HE House on Tuesday last concurred in the Senate amendment to the bill for the repeal of the bankrupt law, and unless a veto should be in-it void in case of a transfer of title, either by the act of the insured, or by operation of law, the terposed, which is very improbable, the law will go out of existence on the 1st of September next. This death of the insured creates such a change in title as to avoid the policy. The court holds that it does is a result which the greater portion of the people of the country have been anxious for for the past Co., 58 Barb. 325, adopts the same doctrine. The case of Lappin v. Charter Oak F. Ins. The eight years, but the friends of the law, though weak numerically, have wielded a sufficient influ- principal case is distinguished by the court from those of Wyman v. Wyman, 26 N. Y. 253, and Burence to prevent a compliance, by the National Leg- | bank v. Rockingham Ins. Co., 24 N. H. 550. In the

do so.

We imagine that the repeal of this law will be of considerable benefit to those of the profession engaged in general practice. The incoming of the bankrupt law nearly destroyed the collection business; a debtor that could be made to pay only by means of legal process being as a rule on the verge of bankruptcy, and a suit against him liable to be defeated by bankrupt proceedings. Then the law made certain acts, such as the non-payment of negotiable paper, acts of bankruptcy, and debtors were compelled to pay in cases where they would have resisted under other circumstances. In these two ways the statute discouraged litigation, and it was also injurious to the profession for the reason that VOL. 17.- No. 22.

if the property insured should be alienated by sale latter case the policy provided that it should be void

or otherwise, and the court held the death of the insured did not alienate the property, the decision turning upon the meaning of the word "alienation.” See, for an interesting article upon the subject, 4 Alb. L. J. 37, in which the decision in Lappin v. Charter Oak Insurance Co. is criticised.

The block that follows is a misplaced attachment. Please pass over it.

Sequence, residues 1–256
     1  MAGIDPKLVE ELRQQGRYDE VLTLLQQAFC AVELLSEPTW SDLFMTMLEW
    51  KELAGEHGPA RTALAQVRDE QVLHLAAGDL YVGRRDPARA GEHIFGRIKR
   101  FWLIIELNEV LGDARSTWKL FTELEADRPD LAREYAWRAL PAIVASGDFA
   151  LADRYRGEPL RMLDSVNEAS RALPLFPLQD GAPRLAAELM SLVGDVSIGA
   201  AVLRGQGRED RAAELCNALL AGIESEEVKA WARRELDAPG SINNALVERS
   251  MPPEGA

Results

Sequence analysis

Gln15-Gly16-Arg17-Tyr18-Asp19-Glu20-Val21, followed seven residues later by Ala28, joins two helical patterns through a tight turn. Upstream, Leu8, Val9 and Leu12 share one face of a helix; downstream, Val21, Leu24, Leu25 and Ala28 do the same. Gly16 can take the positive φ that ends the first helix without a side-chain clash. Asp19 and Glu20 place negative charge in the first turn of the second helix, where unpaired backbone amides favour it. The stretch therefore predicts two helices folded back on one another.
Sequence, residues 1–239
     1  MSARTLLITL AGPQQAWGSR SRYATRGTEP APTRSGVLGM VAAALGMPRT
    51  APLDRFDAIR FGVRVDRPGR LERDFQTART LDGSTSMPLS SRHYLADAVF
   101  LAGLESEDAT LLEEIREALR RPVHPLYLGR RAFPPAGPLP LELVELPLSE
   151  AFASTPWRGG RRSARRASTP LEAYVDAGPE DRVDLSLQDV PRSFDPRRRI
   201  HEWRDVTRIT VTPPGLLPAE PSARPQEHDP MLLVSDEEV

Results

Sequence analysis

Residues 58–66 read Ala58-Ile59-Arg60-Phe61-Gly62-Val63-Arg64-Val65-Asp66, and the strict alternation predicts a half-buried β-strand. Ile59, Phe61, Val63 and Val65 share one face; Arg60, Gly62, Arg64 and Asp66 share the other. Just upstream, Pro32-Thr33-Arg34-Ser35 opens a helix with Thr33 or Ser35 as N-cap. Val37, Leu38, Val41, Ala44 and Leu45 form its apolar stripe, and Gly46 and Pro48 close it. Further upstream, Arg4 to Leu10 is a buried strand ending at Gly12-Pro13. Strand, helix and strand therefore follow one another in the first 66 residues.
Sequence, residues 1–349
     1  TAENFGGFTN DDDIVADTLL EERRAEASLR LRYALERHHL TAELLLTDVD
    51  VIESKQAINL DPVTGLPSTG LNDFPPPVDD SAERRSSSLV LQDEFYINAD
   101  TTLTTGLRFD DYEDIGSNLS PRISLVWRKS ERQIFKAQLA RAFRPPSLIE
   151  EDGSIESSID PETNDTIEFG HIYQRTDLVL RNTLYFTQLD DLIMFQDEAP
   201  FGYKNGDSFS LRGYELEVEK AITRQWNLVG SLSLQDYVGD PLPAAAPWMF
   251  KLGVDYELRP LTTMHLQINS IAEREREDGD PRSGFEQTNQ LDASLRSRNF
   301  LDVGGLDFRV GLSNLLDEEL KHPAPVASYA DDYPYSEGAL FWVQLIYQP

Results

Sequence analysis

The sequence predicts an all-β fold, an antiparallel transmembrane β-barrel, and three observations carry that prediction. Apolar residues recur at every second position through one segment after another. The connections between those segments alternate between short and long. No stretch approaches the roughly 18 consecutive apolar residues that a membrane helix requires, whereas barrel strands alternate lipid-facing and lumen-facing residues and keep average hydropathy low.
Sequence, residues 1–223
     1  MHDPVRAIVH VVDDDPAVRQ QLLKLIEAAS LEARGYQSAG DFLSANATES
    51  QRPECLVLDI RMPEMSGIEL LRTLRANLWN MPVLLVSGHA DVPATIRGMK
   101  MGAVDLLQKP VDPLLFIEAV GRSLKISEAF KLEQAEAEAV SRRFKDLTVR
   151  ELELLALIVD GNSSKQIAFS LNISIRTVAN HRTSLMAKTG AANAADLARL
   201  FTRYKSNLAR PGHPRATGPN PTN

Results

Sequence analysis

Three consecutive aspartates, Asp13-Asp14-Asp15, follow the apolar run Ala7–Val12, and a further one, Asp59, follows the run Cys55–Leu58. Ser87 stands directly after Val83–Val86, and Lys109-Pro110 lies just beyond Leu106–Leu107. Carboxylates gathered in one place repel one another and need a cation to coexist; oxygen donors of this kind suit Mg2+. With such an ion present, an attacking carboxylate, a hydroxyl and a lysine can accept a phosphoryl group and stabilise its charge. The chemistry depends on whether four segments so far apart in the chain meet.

The bill amending the Code of Civil Procedure has not yet been signed by the Governor. In the Supplement issued with this number are given, among others, acts relating to assessments for local improvements in New York, coroners in New York, accidents on railroads, reduction of stock of corporations, payment of counsel employed by the State, trust companies, and certain other moneyed corporations, the supply bill, and the Military Code amendments. Up to the time of going to press, 372 bills have been signed.

The discussion in the United States Senate upon the subject of admitting women to practice as attorneys in the Federal courts showed that there was a strong feeling in that body in favor of abolishing all sex distinctions in this matter. The report of the committee to which the bill for relieving certain legal disabilities of women had been referred, reported that no legislation was required in the matter, as no law existed forbidding women to practice. This is thought by the friends of the measure to be simply

an evasion of the direct issue as, though there is no statute directly forbidding the admission of females, the courts do not admit them, and the United States Supreme Court has refused to entertain any application for admission in behalf of a woman. The sitvation is this: There is no law to prevent a woman from coming into the bar, so permissive legislation is not required. But the courts, notwithstanding this, will not let her practice. So she is as badly off as if the law expressly excluded her. There are probably not half a dozen women in the whole country who would avail themselves of the privilege to practice if it was given them, and it is probable that they would be of very little advantage to the bar, so that perhaps the course recommended by the committee is the best one that could be taken. We understand that women are allowed to practice in the States of Illinois, Michigan, Minnesota, Missouri, and North Carolina, in the Territories of Wyoming and Utah, and in the District of Columbia. The probabilities are that other States will accord her the same privilege, and the Federal courts cannot remain long